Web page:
The conference started informally with a tram ride during which participants were invited to share their thoughts on how the Swiss Life Network’s products and services should evolve. The topics dominating the responses were: captive solutions, improving competitiveness, and increased online services. Margrit Schmid, Head of the Swiss Life Network, committed to continue activities in these areas.
Best practices in managing a mobile workforce
Following the official opening of the conference, Elisabeth Mangin of PSA Peugeot Citroën, France, presented a case study on how Peugeot Citroën set up a dedicated company to act as a centralised hub for the administration of their expatriate employees (Peugeot Citroën has 650 mobile employees and handles around 200 joiners and leavers each year).
By establishing this hub, located in Geneva, Switzerland, Peugeot Citroën is now able to better estimate mobile employee employment costs; ensure greater consistency in the design and delivery of benefit packages; cross-charge costs back to local entities and reduce cost inefficiencies regarding social security enrolments. Efficiency has been improved, processes streamlined, lower procurement costs achieved and governance simplified. At a strategic level, Peugeot Citroën is also now able to satisfy best practice guidelines on dealing with mobile employees.
The implications of an ageing workforce
This was followed by a panel discussion on the theme of changing workforce demographics, looking at how employers are adapting their approach and employee benefit packages to reflect the growing trend towards higher retirement ages.
With Tanguy Polet, CEO of Swiss Life (Luxembourg) in the chair, the panel comprised Laura Keijer-Doelman of Nike, Debbie Ewen of BlackRock, Sandeep Shrikhande of Kotak Life, and Jimmy Johansen of Mercer.
Customers define the employee profile
One interesting observation was the significance of the customer in defining the profile of a given workforce. Nike, for example, targets customers aged between 15 and 35, which is reflected in the relatively low average age of its employees. This contrasts with other industry sectors where customers prefer to deal with more experienced staff. These employers need to ensure that their core benefits packages can be adapted to appeal to an older workforce.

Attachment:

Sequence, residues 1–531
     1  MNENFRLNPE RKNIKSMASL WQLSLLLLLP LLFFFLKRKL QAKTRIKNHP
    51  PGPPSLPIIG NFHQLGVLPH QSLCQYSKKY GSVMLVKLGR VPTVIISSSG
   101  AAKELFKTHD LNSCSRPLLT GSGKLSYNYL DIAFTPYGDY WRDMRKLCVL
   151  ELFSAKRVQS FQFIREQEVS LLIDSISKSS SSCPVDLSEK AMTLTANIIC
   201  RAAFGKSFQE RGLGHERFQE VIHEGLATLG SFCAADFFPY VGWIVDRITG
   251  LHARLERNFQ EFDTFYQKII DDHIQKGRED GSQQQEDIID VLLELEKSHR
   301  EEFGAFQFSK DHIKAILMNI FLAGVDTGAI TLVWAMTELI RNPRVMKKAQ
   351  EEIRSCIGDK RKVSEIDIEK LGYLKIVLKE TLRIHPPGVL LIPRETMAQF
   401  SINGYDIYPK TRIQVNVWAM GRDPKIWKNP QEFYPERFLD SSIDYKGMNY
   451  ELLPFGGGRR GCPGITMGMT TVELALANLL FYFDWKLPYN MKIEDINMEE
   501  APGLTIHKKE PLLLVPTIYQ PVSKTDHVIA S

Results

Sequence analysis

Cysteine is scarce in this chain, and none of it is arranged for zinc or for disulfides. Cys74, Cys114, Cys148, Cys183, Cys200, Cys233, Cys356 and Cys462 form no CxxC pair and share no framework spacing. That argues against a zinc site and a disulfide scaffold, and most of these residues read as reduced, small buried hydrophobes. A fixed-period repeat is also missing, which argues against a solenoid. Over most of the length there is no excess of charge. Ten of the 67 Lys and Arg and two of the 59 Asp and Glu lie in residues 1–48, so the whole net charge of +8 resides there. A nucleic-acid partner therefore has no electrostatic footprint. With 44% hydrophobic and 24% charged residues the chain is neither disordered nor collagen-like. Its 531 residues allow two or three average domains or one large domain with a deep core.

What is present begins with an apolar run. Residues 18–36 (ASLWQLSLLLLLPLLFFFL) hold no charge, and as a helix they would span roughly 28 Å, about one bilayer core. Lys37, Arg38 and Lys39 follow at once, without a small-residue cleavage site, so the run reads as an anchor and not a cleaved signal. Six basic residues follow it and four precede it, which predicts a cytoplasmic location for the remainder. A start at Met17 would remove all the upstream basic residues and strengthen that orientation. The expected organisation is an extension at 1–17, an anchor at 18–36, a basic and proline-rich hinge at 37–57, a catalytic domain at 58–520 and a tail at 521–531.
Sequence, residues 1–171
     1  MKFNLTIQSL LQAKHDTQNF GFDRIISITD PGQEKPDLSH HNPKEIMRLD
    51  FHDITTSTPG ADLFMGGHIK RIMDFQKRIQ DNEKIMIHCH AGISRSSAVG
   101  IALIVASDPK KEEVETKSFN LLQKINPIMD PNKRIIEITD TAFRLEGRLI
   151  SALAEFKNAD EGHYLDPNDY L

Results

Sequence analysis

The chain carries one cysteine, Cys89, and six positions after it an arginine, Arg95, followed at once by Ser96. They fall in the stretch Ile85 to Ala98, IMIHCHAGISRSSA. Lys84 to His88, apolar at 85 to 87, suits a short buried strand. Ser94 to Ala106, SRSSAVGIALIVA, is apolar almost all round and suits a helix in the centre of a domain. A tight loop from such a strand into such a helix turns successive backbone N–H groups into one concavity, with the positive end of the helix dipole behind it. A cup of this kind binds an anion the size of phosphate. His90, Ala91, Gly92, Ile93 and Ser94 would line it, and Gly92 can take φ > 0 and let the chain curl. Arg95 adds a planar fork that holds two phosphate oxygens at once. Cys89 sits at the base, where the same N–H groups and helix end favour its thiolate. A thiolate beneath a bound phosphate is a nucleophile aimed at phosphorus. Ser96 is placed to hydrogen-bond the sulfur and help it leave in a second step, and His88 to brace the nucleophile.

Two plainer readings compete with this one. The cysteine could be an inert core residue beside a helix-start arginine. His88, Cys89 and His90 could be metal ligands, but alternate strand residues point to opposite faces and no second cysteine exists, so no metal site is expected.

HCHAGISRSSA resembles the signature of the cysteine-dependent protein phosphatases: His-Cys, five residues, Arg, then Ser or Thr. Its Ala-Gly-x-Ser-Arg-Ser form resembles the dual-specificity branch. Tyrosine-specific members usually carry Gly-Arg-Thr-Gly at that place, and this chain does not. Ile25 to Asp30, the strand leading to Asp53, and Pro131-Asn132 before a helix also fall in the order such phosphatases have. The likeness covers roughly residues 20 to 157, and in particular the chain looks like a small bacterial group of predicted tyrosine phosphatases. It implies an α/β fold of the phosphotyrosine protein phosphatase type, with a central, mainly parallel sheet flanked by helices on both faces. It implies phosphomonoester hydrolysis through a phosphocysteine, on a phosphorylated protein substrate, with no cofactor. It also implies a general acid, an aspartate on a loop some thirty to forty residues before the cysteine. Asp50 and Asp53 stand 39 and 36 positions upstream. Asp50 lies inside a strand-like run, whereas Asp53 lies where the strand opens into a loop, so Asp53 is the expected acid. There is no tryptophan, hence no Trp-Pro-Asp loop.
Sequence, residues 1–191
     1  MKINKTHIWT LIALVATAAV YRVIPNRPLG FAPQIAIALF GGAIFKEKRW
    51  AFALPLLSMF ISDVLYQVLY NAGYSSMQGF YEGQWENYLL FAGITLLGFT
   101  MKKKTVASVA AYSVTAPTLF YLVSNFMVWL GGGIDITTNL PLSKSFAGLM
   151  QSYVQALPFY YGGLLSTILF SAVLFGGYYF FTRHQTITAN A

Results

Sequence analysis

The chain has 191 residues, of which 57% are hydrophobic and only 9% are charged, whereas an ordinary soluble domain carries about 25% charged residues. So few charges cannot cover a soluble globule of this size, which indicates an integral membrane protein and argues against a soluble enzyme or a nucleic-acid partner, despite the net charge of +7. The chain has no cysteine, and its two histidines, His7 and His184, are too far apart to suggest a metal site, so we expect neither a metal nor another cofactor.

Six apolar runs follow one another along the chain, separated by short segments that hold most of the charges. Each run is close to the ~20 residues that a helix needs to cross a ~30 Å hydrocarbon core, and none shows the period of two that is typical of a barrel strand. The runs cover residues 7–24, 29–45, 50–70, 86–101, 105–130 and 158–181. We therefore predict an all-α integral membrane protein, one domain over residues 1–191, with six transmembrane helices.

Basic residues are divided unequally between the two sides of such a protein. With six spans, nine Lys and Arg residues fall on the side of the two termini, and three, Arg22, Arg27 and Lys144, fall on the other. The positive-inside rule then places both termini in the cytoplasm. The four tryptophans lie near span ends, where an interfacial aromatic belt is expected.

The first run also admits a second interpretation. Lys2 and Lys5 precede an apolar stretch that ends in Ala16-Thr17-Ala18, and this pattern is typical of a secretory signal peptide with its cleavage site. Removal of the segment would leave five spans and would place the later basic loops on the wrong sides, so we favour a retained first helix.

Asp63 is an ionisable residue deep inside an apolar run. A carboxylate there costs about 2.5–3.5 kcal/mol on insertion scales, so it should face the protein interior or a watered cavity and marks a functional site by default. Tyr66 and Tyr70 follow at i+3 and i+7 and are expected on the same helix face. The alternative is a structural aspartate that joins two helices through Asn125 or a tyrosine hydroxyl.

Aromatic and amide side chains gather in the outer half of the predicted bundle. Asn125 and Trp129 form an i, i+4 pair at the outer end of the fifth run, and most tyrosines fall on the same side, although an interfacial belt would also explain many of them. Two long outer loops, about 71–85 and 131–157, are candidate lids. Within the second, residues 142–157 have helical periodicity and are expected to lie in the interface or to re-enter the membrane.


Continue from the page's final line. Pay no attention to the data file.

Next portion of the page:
Removing retirement ages – and the need to plan ahead
The removal of retirement ages altogether was also discussed: the new UK government having proposed exactly this effective from October 2011. This led to the observation that companies rarely plan ahead enough for workforce changes. They must analyse their current workforce against future needs, taking into account the number of workers and their required skills and locations.
India’s succession problems
In India there are still plenty of younger workers coming onto the market. Unless companies are operating in a specific industry with talent shortages, there is no need to raise retirement ages. A bigger issue is the lack of succession planning strategies, with many business leaders working long past what would normally be regarded as a normal retirement age with no obvious successor.
Older workers seek flexible packages
Older workers seem to place less emphasis on salary and bonuses and focus more on work/life balance and flexible working practices. Flexible benefit plans can help here, since their design gives employees greater control over their remuneration packages. Benefit options relevant to mature workers, such as wellness consultations and financial planning, may also become more common in future, since most benefits planning today is focused on younger employees.
Where salary and benefit packages are amended to accommodate older workers, increases in the retirement age could have a significant impact on employers’ costs. Defined benefit pension promises are more expensive for older staff, whilst risk covers such as life, long term disability and healthcare are also age-sensitive. Larger employers able to negotiate risk coverage changes with their providers will find it easier to make amendments to the design of their schemes that enable them to recruit and retain older employees.
Innovation is required
The discussion ended with general agreement that changing workforce demographics do have an impact on the behaviour of employers and will change the form of benefits provision over time. Different industries will be affected in different ways, but retaining experienced employees with skills should be viewed as a positive challenge. Employers must be encouraged to develop innovative compensation strategies to reward this growing sector of their workforce.